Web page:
Highway to Shell: Review

Fairway loved Frogger growing up. There’s something lovable about the idea of a frog trying to cross a road only to drown (?) in a river. Today, Fairway picks up what feels like the board game equivalent of Frogger, Highway to Shell, by Concrete Canoe Games. 

Highway to Shell is a three- to six-player hand-management, take-that, and grid-movement game in which players are trying to get their bale of turtles from a zoo, across a highway, and to the preserve on the other side.

Initial Impressions ^

  1. Stackable turtles crossing a road is an adorably cute theme.
  2. The game requires a good amount of planning if you want to avoid having your turtles “bonked” back to the beginning.
  3. There is a good amount of take-that in the game, but it is balanced against the fact that it’s often to the detriment of everyone at the table.
  4. The turtle art is adorable and the game is family-friendly. No turtles are smushed, just bonked.

Game play ^

In Highway to Shell, you are assigned five like-colored tokens which represent your turtles. The object is to move them across a multi-lane highway formed from a series of cards to the other side.  The highway cards are arranged to form the two three-lane roads separated by the median with a starting position (zoo) on one side and the preserve on the other.

To start, all of the turtles are stuck into a bag together.  Three of the turtles are drawn from the bag at random and placed on the starting zoo card.

Each player is then dealt two action cards.  The action cards reflect a series of things you can do on your turn such as moving turtles, giving turtles protections, blocking the lanes of traffic, and “bonk” turtles from the road.

Starting with a first player and proceeding clockwise, you must play one of the action cards, resolve its effect, and then draw a new action card.  Most of the time, you’re trying to move your turtles from the zoo towards the preserve while trying to do the opposite for your opponents turtles.  As turtles are moved off the zoo, new ones are drawn from the bag and added to the zoo.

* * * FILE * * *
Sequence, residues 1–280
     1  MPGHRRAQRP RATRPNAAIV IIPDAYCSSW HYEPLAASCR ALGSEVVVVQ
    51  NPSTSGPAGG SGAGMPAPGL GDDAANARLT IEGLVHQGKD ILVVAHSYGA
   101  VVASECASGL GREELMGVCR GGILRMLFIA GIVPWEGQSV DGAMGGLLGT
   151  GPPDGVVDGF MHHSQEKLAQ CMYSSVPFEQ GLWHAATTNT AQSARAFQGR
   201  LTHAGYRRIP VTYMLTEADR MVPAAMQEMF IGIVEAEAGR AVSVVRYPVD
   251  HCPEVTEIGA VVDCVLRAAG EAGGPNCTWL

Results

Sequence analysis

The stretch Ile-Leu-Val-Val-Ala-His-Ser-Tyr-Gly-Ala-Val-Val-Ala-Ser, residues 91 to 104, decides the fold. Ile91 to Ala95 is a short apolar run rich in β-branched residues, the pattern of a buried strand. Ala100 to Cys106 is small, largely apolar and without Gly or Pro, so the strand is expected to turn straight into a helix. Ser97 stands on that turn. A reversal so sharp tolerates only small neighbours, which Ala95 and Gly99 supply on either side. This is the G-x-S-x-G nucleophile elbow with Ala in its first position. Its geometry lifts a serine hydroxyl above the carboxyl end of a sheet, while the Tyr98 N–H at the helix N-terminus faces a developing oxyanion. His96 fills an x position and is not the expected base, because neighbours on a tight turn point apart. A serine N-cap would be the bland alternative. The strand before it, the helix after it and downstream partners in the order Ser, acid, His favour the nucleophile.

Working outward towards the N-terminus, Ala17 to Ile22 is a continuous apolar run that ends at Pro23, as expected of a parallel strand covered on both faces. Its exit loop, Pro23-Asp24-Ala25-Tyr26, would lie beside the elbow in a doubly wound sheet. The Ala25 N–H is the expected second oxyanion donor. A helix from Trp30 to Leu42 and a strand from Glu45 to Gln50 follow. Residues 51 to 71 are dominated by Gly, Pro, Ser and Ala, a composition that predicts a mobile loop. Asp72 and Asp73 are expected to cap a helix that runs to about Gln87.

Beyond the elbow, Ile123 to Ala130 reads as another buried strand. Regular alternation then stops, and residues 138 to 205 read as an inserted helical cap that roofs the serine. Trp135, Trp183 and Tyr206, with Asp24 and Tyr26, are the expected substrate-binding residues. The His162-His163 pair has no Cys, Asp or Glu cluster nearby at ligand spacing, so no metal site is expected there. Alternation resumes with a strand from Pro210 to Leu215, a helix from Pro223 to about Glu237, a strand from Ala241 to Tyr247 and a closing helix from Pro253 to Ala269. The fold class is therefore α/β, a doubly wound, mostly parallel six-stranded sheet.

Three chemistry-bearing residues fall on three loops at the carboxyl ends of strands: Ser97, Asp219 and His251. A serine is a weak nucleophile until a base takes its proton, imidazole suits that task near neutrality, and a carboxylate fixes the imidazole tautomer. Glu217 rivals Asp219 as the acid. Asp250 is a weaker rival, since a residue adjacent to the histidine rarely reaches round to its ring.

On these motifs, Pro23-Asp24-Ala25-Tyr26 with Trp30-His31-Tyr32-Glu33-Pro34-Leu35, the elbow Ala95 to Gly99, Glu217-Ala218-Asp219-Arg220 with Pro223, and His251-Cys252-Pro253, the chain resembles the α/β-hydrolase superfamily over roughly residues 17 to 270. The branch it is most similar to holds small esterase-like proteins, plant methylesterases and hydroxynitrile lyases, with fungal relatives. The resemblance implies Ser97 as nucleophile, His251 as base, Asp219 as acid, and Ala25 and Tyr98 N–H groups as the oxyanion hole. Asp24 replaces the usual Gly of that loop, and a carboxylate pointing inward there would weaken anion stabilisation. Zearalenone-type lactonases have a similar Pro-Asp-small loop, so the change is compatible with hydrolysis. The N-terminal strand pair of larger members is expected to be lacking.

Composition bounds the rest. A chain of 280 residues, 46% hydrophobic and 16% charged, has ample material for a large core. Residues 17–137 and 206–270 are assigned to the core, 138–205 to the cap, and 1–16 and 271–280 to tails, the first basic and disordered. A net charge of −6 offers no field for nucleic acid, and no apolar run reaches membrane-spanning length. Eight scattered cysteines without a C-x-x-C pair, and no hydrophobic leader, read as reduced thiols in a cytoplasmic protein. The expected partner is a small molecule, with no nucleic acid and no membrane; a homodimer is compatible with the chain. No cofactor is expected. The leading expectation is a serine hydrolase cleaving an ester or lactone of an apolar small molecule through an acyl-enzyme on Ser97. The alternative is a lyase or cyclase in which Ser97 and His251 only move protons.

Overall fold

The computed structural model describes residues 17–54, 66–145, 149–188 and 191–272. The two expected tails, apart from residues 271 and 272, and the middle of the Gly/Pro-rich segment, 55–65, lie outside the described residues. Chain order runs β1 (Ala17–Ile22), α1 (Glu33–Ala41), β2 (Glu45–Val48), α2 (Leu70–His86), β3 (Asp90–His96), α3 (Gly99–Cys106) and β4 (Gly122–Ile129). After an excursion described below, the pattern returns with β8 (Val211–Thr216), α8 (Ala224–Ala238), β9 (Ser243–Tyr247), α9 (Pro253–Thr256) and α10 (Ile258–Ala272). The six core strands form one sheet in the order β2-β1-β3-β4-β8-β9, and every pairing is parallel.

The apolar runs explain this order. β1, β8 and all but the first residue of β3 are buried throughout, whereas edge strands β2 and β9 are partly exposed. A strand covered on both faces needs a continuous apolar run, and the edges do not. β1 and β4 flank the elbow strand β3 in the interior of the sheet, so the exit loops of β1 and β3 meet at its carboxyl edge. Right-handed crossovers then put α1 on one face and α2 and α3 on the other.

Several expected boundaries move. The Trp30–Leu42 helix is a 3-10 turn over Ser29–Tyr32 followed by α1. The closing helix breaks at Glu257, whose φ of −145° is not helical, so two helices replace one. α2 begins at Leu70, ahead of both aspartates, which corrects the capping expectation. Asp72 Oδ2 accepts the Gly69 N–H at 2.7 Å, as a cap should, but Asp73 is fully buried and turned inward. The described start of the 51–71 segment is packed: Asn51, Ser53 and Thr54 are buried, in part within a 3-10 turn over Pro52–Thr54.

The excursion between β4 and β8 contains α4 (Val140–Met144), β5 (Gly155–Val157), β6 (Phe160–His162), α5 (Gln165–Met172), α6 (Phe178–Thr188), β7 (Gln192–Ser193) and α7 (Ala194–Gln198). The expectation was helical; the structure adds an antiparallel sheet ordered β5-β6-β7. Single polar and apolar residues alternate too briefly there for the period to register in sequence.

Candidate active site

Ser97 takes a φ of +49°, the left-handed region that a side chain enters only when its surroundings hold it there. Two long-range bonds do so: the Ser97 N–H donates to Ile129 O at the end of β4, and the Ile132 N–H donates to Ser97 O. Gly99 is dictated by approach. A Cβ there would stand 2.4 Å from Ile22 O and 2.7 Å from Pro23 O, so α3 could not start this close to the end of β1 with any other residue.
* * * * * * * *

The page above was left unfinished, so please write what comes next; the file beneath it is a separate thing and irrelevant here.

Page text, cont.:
Turtles can move forwards, backwards, or side-to-side on spaces designated on each board.  If two turtles land on each other, they’re stacked. You can either move stacked turtles together or by unstacking the topmost turtle.

As turtles move through lanes of traffic are at the risk of being “bonked” back to the bag.  A number of the action cards include such hazards as tanks, drag racing cards, and trucks. These enemies of traveling turtles can remove one or more of turtles from a lane of traffic forcing them to have to be redrawn from the bag and start at the beginning.  The only “safe” location are the three spaces on the median (the fourth card).

The game ends when at least five turtles (of any color) have made it to the preserve.  At that time, players score their points: 10 points for each turtle in the preserve plus each lane scores its lane number of point for each turtle on it.  Turtles on the median, at the zoo, or still in the bag do not score any points.

On the Green ^

Stackable turtles!  The turtles are a super adorable use of these stacking components. We enjoyed moving the turtles around quite a bit.  They were also pretty easy to draw from the bag and weren’t so tippy even with large numbers of turtles stacked up.

Strategy.  The stacking also provides for great opportunities for teamwork and strategy.  In our games, players routinely tried to ride in tall stacks of turtles essentially because it meant mutually assured destruction if one of the players in the stack used a car, tank or truck.